Round two of Kepler Participating Scientists have been selected and 7 new PSPs have joined the Kepler team along with 5 continuing PSPs. The First Kepler Science Conference will be held on 5-9 December 2011 at NASA Ames Research Center.
5. WFIRST Hits to Second Base with Interim DesignBy Neil Gehrels
The WFIRST mission made a significant step forward this summer with the completion of an interim report on the mission and interim design. The report was compiled by the WFIRST Science Definition Team (SDT) working with the Project office. The co-chairs of the SDT are Drs. Jim Green and Paul Schechter, with full membership given at http://wfirst.gsfc.nasa.gov/. The interim design is quite similar to that laid out in the New Worlds, New Horizons Decadal Survey. The report has been submitted to NASA HQ, presented to NASA's Astrophysics Subcommittee and is being briefed to the Office of Management and Budget.
6. Eyes Wide Open: First Light for LBTI CameraBy Rafael Millan-Gabet
The Large Binocular Telescope Interferometer (LBTI, Principal Investigator Phil Hinz - University of Arizona) continues its commissioning activities with great success. During a commissioning run in May 22-24, 2011 the Nulling Imaging Camera saw first light! The activities were focused on demonstrating on-sky adaptive optics imaging at 2-5 microns, and on instrument optimization. In addition, preliminary shared risk science observations were conducted on a number of Solar System objects, young stars, and hyper-giant stars. Full LBTI operations in Nuller mode is expected to start in Spring 2012, beginning with the execution of the exo-zodi characterization Key Science Program, led by P.I. Phil Hinz. It is anticipated that the program will include interested members of the exo-planet community via a call for participation to be issued in Fall 2011.
7. 70 Flock to Caltech to Dish on MicrolensingBy Dawn Gelino
NExScI hosted the very successful 2011 Sagan Summer Workshop, "Exploring Exoplanets with Microlensing", on the Caltech campus July 24 - 29. There were 70 registrants in attendance from 11 different countries. In addition to several interactive workshop features, including hands-on activities dealing with real microlensing data, the workshop hosted a very well attended WFIRST panel discussion including members of the WFIRST Science Definition Team. Written feedback from the workshop attendees was universally positive. Along with an average score (from all attendees including the speakers) of 8.8 out of 10 for how useful the workshop was, written comments included, "Best workshop I've ever attended!" from a senior staff level attendee. The invited presentations, as well as contributed presentations and electronic posters are available from the workshop website: http://nexsci.caltech.edu/workshop/2011/index.shtml.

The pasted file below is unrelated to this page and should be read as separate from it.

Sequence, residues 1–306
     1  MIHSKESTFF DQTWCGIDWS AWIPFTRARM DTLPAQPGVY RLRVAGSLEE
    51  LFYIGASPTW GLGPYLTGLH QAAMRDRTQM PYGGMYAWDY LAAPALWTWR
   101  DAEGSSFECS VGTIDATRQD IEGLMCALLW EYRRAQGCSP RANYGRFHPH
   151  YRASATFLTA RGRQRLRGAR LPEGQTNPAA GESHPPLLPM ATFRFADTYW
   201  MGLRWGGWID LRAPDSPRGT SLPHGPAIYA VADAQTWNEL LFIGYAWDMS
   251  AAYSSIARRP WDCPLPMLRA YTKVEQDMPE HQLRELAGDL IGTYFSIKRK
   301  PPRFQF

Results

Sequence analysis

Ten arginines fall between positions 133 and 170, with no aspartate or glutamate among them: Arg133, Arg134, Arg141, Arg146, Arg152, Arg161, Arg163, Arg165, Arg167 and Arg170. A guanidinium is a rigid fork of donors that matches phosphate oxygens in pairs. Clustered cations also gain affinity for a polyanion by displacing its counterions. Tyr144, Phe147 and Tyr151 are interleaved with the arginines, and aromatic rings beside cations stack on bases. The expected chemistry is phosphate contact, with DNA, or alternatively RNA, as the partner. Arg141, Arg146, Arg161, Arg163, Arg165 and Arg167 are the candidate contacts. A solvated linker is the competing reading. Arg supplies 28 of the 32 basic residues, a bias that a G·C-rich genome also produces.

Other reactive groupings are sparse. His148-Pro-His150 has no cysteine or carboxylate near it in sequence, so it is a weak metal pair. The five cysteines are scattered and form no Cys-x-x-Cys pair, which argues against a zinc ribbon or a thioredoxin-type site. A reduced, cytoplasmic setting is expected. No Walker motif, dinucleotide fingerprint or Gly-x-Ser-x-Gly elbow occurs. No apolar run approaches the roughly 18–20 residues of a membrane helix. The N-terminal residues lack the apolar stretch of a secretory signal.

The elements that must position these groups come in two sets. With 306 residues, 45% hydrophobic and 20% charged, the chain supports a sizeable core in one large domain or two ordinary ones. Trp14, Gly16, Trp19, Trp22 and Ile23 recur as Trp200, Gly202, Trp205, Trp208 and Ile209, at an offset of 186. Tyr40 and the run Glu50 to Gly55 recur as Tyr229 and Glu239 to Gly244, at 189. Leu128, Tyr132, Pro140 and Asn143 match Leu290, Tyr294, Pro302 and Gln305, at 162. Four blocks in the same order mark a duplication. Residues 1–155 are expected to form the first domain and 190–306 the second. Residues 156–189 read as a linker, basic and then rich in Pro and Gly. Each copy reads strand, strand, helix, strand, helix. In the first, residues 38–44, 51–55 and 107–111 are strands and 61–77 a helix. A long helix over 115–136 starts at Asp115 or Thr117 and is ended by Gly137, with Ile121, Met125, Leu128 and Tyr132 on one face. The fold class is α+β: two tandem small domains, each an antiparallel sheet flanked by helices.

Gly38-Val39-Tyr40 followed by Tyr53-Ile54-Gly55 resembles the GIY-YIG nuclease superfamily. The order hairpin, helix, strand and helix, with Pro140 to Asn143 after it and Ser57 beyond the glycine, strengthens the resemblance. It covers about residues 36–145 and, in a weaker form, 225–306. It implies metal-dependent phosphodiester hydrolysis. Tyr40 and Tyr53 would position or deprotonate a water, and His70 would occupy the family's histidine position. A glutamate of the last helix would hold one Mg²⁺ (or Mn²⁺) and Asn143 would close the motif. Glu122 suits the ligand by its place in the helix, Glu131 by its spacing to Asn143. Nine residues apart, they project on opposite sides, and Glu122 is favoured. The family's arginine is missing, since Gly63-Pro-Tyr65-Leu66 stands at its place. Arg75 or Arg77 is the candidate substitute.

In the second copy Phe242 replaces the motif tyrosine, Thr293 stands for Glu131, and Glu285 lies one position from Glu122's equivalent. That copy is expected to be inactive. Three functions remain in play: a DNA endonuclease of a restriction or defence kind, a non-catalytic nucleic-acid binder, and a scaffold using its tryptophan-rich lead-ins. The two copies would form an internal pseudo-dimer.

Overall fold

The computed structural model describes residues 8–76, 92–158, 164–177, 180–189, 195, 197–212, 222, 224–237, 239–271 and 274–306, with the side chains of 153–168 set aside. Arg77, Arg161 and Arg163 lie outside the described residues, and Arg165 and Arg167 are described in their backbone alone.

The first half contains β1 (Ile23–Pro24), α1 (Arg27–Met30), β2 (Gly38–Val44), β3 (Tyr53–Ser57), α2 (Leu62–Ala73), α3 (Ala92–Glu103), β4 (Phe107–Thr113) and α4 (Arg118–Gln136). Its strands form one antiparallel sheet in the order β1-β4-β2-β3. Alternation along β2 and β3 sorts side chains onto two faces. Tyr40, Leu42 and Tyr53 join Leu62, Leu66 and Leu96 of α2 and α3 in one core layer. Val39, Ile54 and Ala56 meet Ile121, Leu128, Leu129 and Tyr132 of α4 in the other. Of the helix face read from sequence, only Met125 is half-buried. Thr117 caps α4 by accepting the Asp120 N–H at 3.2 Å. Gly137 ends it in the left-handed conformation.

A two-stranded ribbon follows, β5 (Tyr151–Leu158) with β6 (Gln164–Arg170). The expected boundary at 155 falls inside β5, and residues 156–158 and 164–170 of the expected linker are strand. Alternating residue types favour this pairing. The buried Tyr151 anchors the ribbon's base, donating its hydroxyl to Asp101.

8. ALMA Children: No Soap in these Proto DisksBy Lucas Cieza, 2010 Sagan Fellow (University of Hawaii)
Protoplanetary disks are a natural outcome of the star formation process and the sites where planets form. In the last 15 years, astronomers have discovered hundreds of mature exoplanets in the solar neighborhood; however, the precise mechanisms through which planets are formed still remain largely unknown. I study protoplanetary disks with the overall goal of placing observational constraints on planet formation theories. With the Atacama Large Millimeter/submillimeter Array (ALMA) starting early science operations this October, this area of research is about to enter a golden era. My research over the last few years has focused on identifying protoplanetary disks with strong evidence for ongoing giant planet formation. These objects, known as "transition disks", represent the ultimate planet formation laboratories and are invaluable ALMA targets. ALMA will allow us to study protoplanetary disks with unprecedented detailed and establish the conditions in which planets form. While waiting for ALMA, I have also been working on programs to attempt the direct the detection of forming planets at near-IR wavelengths using the so-called aperture masking technique with Keck and the VLT.